Feedback into a virtuous cycle can cause it to either continue to progress and accelerate or it could make it stall and start to devolve. Therefore, to maintain a virtuous cycle, care must always be taken to give it positive feedback. Any virtuous cycle can easily revert into a vicious cycle if it gets enough negative feedback.

The good thing about this is that it works both ways. A vicious cycle that has not yet reached its ultimate conclusion can still be stopped if given enough positive feedback. With enough positive feedback, a vicious cycle might also be turned into a virtuous one.

Maintaining Equilibrium


The hard part about all this is that it's much easier to get into a vicious cycle than it is to get into a virtuous one. Cycles can, at some point, be self-perpetuating if an equilibrium is achieved and maintained. Equilibrium in a cycle can be either dynamic or static. Vicious cycles, however, can easily be established and maintained simply through neglect and inattention. That is, you can start a vicious cycle simply by doing nothing or not paying attention to the system involved.

As far as learning is concerned, achieving dynamic equilibrium in virtuous cycle is ideal. This would mean that constant progress is being made and learning is happening continuously and at a steady pace. A static equilibrium would indicate that learning has stagnated and that the system is now only functioning off of current knowledge and understanding. A system in static equilibrium is basically on cruise control and maintaining that state depends on how stable the system is in its environment.

A system's environment must be considered because systems seldom exist in a vacuum and input to the system can come from its environment. Even small inputs from a system's environment can have a significant effect on its ability to maintain and sustain static or dynamic equilibrium.

Take for example the case of a team of software developers. George Dinwiddie blogged about the challenges of a new team member. Mark Levison writes more about the same. As far back as 1965, Bruce Tuckman wrote about the now familiar forming-storming-norming-performing  model of group development. Any change to a team, whether it's adding or losing a member will affect its dynamics. Any time a member is added or removed from a team, it becomes an entirely different team, regardless of how similar it was to its previous composition.

Obviously, a team is a very delicate system and one that is susceptible to all kinds of input and feedback that can quickly change the direction of its learning cycle, for better or for worse.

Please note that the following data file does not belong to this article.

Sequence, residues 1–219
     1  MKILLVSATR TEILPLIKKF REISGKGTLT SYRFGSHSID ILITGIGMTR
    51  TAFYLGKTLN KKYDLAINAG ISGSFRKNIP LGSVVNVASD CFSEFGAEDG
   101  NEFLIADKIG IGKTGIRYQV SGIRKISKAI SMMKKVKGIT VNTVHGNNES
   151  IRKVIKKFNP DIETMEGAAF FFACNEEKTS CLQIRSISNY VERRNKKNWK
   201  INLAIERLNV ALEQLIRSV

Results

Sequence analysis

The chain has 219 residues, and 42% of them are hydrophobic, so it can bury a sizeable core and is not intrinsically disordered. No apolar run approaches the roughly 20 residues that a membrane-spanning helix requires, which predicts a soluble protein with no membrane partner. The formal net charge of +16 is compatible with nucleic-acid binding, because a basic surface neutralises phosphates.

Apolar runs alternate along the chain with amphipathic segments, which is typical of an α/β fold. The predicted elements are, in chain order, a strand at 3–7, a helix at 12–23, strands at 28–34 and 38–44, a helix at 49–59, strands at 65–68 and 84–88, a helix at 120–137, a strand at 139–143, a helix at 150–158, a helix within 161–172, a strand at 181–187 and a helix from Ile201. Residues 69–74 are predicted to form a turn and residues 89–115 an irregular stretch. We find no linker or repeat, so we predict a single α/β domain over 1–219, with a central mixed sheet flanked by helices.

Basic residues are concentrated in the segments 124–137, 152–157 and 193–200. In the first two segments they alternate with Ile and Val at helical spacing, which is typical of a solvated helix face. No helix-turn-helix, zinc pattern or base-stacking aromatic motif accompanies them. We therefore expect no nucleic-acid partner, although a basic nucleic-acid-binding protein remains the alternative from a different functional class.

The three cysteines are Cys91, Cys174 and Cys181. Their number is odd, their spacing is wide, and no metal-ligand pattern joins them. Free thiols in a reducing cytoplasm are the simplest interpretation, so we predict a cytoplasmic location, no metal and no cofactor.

Again with the Aikido Analogies


I guess I'll always related these things back to my practice of Aikido. O'Sensei Morihei Ueshiba was known for shugyo or austere practice. In this article, you'll see a picture of him and his son, the second Doshu of Aikido, Kishomaru Ueshiba, practicing with jo (wooden staff) and misogi (cold water purification) at the foot of a waterfall. As you can see, even at an advanced age, O'Sensei still practiced with much intensity and focus.

O'Sensei was a remarkable man and his story is indeed a reflection of this. It is said that he achieved enlightenment and self-realization after an episode with an expert swordsman who came to challenge him one day in his dojo. The swordsman continuously attacked O'Sensei who, sensing the direction and speed of the sword cut, effortlessly evaded it each time.

This went on for some time until the swordsman because so exhausted that he had to concede defeat. All that time, O'Sensei had only eluded his attacks and yet was still able to prevail. O'Sensei was then said to have gone outside to a well where he sat down and contemplated what just transpired. In that moment of meditation, he perceived his connection to the entire universe. Thus occurred his transformation and enlightenment and the start of his teaching of a higher form of budo, or martial way, in Aikido.

O'Sensei practiced practically every day. His last practice session, according to the Wikipedia page on him, was on March 10, 1969. O'Sensei died suddenly on April 26, 1969. I was only a toddler at that time and completely unaware of the lasting effect his life, work, and teachings would eventually have on me.

I do draw inspiration from him and my other teachers, both on and off the mat, whether it's through direct instruction or vicariously through their books and the examples they set for others, who pass on that knowledge and experience. When it comes to software development, I draw from the experience and inspiration of pioneers like Kent Beck, Martin Fowler, Uncle Bob and other agile software development gurus. I follow examples of their dedication to the practice of the craft of software development and their continuous search for improvement.

I am thankful to all these sensei (one who has gone before) for sharing their knowledge and passion for what they do and I will continue to show my gratitude by following their examples and always trying to give positive feedback to the virtuous cycles that they started.